André Aciman is a writer of stellar reputation, most famous for Call Me By Your Name and its companion book, Find Me. A master wordsmith, Aciman is a peerless stylist when it comes to pin-pointing loving and difficult emotions and giving them life through emotionally complex characters. Whilst his methods and stories may be somewhat unconventional and strange at times, it is no secret that these stories nevertheless hit home for romantics and poets alike. The original story of Call Me By

Review: Impermanence By Colin Bancroft

In the doctrines of Buddhism we are told that existence is transient and unpredictable. In the cycle of life nothing lasts, everything decays, and because of this impermanence, attachments to things may cause suffering; which is a bit of a shame really, because Colin Bancroft’s collection of poems is a thing of loveliness and I’d quite like to hang onto it for a while longer. I fully expect my copy of number 20 in the Maytree Press list of publications…

Review: Wish By Katerina Neocleous

The debut collection of Katerina Neocleous, aptly titled Wish, would grant an afternoon of delight for anyone lucky enough to have a copy. The poetic skill of the author and the care with which she crafts each piece, weaving imagery through words that evoked a range of emotions in this reviewer, was impressive. From ‘Burr’ to ‘First Dreams’ the words held my attention throughout, each poem a delight, each line a joy to read as we witness how complications within…

Musical Motivation: Sola Rosa

Sola Rosa is the brainchild of New Zealand musician, Andrew Spraggon. Creating an evolving infusion of funk, beats, electronic, jazz and soul has been the 20-plus year labour of love for this Auckland-based solo artist, who has produced a wealth of recordings since launching as an experimental recording project in 1999. With a new album, Chasing The Sun, out now, we caught up with him to find out what songs make him... Smile Roy Ayers – Everybody Loves The Sunshine This song just…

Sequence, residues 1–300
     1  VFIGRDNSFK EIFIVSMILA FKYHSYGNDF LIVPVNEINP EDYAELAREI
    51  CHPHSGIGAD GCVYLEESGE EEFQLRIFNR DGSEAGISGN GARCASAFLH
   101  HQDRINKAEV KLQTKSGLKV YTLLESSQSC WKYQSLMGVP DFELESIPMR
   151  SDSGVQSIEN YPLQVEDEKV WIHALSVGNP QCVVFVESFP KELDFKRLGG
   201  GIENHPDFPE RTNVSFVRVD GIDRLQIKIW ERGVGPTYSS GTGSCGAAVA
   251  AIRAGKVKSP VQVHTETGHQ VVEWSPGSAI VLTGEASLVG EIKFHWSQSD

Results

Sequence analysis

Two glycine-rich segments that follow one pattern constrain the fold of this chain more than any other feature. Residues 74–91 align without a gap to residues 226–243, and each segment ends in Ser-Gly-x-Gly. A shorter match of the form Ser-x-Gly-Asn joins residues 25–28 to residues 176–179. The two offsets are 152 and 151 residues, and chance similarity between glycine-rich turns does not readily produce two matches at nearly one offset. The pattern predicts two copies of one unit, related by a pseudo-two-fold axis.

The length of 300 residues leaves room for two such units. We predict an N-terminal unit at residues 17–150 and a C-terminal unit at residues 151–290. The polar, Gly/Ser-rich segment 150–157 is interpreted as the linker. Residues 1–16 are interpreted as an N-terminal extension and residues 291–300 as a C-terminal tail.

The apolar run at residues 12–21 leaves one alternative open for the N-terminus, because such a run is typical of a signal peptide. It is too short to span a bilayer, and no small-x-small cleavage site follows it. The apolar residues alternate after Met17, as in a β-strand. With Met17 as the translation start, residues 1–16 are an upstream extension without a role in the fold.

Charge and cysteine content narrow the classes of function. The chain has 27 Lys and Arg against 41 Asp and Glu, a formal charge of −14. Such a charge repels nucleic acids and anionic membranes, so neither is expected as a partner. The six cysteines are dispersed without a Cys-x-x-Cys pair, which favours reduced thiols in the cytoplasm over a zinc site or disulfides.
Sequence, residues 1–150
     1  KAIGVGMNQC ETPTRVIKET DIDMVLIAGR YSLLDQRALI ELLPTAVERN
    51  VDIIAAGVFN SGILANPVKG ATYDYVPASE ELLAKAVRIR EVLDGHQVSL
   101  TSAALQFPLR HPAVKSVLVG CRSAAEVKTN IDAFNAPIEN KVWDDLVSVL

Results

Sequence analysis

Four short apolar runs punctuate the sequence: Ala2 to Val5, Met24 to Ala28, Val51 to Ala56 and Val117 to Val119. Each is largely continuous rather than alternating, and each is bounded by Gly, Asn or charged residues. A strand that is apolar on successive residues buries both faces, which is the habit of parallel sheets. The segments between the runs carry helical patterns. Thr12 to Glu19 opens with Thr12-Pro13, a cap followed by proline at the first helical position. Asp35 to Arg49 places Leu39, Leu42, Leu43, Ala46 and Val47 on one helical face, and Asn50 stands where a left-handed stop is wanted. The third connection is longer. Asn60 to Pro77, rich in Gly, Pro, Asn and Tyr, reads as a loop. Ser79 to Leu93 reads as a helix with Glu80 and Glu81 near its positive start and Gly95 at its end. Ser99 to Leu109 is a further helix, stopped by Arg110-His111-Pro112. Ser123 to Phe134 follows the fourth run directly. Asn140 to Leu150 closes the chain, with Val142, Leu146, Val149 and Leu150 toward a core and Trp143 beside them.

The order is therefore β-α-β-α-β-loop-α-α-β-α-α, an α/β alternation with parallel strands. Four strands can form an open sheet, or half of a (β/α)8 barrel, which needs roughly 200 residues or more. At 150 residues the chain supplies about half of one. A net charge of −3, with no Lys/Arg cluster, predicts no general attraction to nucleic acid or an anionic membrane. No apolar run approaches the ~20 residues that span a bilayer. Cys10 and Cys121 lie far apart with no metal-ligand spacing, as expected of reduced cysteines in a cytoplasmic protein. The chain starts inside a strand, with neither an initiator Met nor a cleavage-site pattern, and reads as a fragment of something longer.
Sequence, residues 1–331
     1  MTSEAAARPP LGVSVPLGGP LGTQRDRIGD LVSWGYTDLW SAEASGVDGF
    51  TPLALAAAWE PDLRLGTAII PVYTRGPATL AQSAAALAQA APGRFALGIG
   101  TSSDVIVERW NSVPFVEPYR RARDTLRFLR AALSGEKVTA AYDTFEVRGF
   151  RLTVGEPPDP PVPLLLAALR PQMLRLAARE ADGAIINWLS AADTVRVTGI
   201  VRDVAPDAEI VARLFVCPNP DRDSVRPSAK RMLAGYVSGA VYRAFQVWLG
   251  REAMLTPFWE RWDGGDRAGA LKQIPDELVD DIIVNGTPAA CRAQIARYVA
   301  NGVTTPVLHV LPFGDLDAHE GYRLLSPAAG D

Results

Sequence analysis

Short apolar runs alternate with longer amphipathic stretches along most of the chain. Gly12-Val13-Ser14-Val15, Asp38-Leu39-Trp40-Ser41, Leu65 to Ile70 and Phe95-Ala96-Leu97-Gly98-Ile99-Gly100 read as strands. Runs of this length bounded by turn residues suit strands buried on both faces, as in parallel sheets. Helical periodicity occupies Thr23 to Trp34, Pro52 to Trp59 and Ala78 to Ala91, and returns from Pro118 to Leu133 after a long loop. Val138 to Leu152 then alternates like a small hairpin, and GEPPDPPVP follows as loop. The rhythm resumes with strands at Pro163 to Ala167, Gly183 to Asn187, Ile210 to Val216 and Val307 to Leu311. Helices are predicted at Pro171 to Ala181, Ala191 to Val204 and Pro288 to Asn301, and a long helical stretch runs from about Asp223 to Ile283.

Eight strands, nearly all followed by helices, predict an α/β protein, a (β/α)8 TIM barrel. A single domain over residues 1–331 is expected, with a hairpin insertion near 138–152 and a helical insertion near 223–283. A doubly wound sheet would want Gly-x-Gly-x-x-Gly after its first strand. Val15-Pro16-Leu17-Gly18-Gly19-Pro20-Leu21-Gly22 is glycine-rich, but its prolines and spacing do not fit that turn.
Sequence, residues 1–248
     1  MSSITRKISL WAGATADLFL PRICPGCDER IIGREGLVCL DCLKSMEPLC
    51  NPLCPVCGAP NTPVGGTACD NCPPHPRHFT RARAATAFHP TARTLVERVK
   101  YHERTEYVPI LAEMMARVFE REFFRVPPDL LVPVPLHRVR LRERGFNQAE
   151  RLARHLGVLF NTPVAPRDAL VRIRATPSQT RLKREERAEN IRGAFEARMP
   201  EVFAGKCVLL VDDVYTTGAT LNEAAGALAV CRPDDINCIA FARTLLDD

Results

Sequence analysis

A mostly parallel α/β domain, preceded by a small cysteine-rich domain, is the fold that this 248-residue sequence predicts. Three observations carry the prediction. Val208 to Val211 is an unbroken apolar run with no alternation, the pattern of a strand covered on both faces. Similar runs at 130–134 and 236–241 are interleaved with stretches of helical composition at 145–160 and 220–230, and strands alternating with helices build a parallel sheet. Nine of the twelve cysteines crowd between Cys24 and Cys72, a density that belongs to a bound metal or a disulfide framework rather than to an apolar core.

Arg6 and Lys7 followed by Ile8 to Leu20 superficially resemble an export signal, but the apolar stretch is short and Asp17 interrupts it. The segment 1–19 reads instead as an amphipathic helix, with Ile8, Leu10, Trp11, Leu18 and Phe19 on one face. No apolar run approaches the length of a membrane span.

Know Your Enemy: Living Better By Alastair Campbell

Strange that until today I thought of Alastair Campbell as the smarmy advisor to Tony Blair and I pictured him more in terms of how he was portrayed in the excellent film,The Queen, than in real life. I rightly assumed intelligence but hadn’t thought of him much since he left the limelight, and certainly never thought of him as an author. Yet, when I picked up his book Living Better I discovered he has, in fact, already penned eleven non-fiction works…

Poem Of The Week: 'Night Rain' By Edward Lucie-Smith

Night Rain The rain falls in strings, beads To be counted. It wears Out the night and the rock; All things succumb to it. I cannot tell if time Is being washed away, Or if this is time, made Tangible as water. My fever has returned, Like an icy river. In bed alone, I am Dissolving. Flesh becomes Like the wet sacks out there, Abandoned in the dark Of the garden, lapsing Slowly into the earth. Overwhelmed by the kind of deluge that soddens everything to the core, including mood, Edward Lucie-Smith’s finely-tuned poem renders tone as…

Shirley Bassey - I Owe It All To You

Aged 83 years young, Dame Shirley Bassey has today released her 37th studio album. Entitled I Owe It All To You, it is a love letter to her fans as she bows out of recording after a truly incredible career. The words icon and legend are attributed to the Welsh diva, but they are words that simply do not do credit to the magnitude of her status. She is beyond legendary, and the sheer depth and breadth of her work…

Ólafur Arnalds - Some Kind Of Peace

Thirteen years ago Ólafur Arnalds released his debut album, Eulogy for Evolution. The post-rock influenced neo-classical compositions set the multi-instrumentalist from Mosfellsbær, Iceland on a musical journey that has seen him grow into one of the most celebrated neo-classicists of our time. While he also dabbled with electro and dance, it is for his soothing soundscapes that he is the most widely hailed. Therefore, it is little surprise that his fifth solo album - Some Kind of Peace

Kylie Minogue - Disco

Kylie Minogue really doesn't need any introduction. The iconic Aussie pocket rocket first found a place in hearts around the world as the girl next door on Neighbours. But Charlene is now a misty memory, and the innovative songstress has reinvented her sound faultlessly over the 33 years since the release of her debut single, 'Locomotion'. Having explored Country-Pop on her truly brilliant 2018 album Golden, lockdown and the period just prior saw Kylie reconnect with the sounds that shaped…